America as a Lottery
In a series of recent works on the rise of inequality in the United States and other countries, economists have proposed a number of policies that might help reverse current trends. But critics of Joseph Stiglitz, Paul Krugman and Thomas Piketty also often complain that their proposals aren’t feasible politically.
But why should the proposal of policies meant to promote a more egalitarian society have become a political non-starter in the United States, of all countries?
This, after all, is a nation “dedicated to the proposition that all men are created equal,” in the words of Abraham Lincoln in the Gettysburg Address, quoting a key phrase from the Declaration of Independence.
Why do the words of Lincoln and Jefferson seem to lack resonance in our contemporary political culture?
Consider one likely but little-noted culprit: The recent rise of state-run lotteries.
In the United States for much of its history, gambling was shunned, lotteries were prohibited, and numbers games were outlawed as well. New Hampshire became the first state in memory to organize a state-run lottery, in 1964. In the years that followed, in a quite abrupt reversal of public policy — and in conjunction with the rise of a vehement anti-tax movement that provoked an almost uninterrupted series of state and Federal tax cuts, as well as a number of new state laws making taxes difficult if not impossible to raise — states one by one began to introduce state-organized lotteries. Today, forty-four states and the District of Columbia run lotteries. (Similarly lucrative lotteries appeared for similar reasons in most European countries around the same time.)
The opposition to creating these lotteries in the United States was generally rooted in moral concerns about the impact of legalizing any form of gambling on individuals and communities. But as time passed — and it became clear that state-run lotteries could raise money for social goods like education that were no longer funded through progressive taxation — the lottery emerged as a central feature of American life.
It has become, in effect, a perverse substitute for the kind of political commitment to egalitarian institutions memorialized in the Declaration of Independence.
Walk down any street in Manhattan, and lottery tickets are for sale on almost every corner; on television, lottery results are broadcast nightly; when one of the multi-state lotteries accumulates a very large pay out, the nightly drawing and the identity of the winners becomes a topic of national news coverage.
But the lottery in America is not just an ubiquitous form of everyday wagering. It has clearly become a very powerful vessel of the egalitarian hopes and dreams of ordinary citizens, particularly low-income Americans. After all, lotteries insure that anyone, regardless of race, creed or gender, and regardless of wealth or status, can dream of hitting the jackpot.
Moreover, it makes good symbolic sense that ordinary citizens would rest their hopes on such an institution. The egalitarian significance of the lottery as a social form runs very deep. The eighteenth century political philosopher Montesquieu in fact thought the use of the lottery was a distinctive hallmark of all democracies.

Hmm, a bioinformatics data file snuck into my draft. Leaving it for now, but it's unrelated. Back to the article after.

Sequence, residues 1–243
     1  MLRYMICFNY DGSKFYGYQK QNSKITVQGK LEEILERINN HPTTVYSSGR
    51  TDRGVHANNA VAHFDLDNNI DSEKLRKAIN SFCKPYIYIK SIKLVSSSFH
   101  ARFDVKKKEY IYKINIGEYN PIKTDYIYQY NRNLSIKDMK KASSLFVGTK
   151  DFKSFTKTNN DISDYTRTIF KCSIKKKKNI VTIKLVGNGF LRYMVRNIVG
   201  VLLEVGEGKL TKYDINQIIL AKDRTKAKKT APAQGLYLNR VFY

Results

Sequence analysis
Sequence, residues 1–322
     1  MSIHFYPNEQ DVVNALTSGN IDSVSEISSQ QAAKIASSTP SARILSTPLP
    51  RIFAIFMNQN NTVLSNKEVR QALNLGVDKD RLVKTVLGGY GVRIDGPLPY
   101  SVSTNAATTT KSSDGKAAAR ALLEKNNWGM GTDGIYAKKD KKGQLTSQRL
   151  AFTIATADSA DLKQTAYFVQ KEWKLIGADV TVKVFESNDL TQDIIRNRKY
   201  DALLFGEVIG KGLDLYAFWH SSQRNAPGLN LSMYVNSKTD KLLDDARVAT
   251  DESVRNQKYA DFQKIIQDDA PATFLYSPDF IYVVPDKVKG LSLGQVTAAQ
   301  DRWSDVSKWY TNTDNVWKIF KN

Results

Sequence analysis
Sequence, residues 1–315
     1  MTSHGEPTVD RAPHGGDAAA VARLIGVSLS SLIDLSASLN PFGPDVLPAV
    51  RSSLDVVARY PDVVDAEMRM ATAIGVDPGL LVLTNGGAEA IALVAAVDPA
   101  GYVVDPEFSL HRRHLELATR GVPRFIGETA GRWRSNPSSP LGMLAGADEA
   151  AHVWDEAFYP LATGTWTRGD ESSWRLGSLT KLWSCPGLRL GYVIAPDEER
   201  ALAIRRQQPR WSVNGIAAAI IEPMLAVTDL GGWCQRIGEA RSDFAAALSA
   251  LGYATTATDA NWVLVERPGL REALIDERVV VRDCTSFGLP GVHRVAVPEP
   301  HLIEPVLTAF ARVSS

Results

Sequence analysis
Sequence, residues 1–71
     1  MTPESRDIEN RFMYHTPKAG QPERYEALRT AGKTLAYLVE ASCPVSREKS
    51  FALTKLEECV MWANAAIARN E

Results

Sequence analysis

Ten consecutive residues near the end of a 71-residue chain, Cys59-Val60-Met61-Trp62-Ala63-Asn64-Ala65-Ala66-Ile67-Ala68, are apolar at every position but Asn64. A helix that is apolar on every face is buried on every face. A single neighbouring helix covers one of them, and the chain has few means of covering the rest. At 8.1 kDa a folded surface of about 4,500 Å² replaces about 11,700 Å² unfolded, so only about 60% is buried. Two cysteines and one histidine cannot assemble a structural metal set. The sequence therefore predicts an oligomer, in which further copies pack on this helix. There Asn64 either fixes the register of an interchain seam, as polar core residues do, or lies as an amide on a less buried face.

In ancient Athens, all executive and administrative offices and all juries were chosen by lot (with the exception of the city’s military commander, who was elected by the citizens). The political use of lotteries in antiquity insured a fair and random outcome; every citizen at some time in his life was likely to participate directly in political affairs. The drawing of lots insured the equality of all citizens: it negated the advantages otherwise enjoyed by dedicated politicos and their wealthy patrons.
Though juries in America to this day are partially chosen by lot — and so are 50,000 applicants annually for a visa — the United States famously did not emulate the institutions of democratic Athens. Instead of instituting lotteries for most public offices, the U.S. created a representative government, eventually founded on universal suffrage: the right of every citizen to cast a vote in periodic elections of state and federal legislators, executives, and (in some places) judges.
Of course, the United States has had to undergo a long and still unfinished journey to insure that every citizen, regardless of wealth, creed, color, or gender, in fact has an equal right to participate in the vote and in all the other forms of politics and voluntary association. But such participation was this nation’s birthright — for some of the founders in 1776, and certainly for Lincoln in 1863.
Today, however, this egalitarian legacy is jeopardized. We have become a staggeringly unequal society, de facto governed by a relatively small number of dedicated politicos and their wealthy patrons.
In ancient Athens, lotteries were used to guarantee that every citizen had an equal chance to participate directly in the city’s social and political life. By contrast, the rise of state-run lotteries in America has produced a very different result: A generation of poorer citizens, who in an earlier era might have gone to a union hall or a town meeting today turn instead to a scratch-and-win piece of cardboard, in hopes of striking it rich overnight.
This is a pathetic form of egalitarianism. But state-run lotteries may nevertheless help explain why alternative public policies meant to promote a more egalitarian society are now a political non-starter in a country still ostensibly dedicated to the proposition that all men are created equal.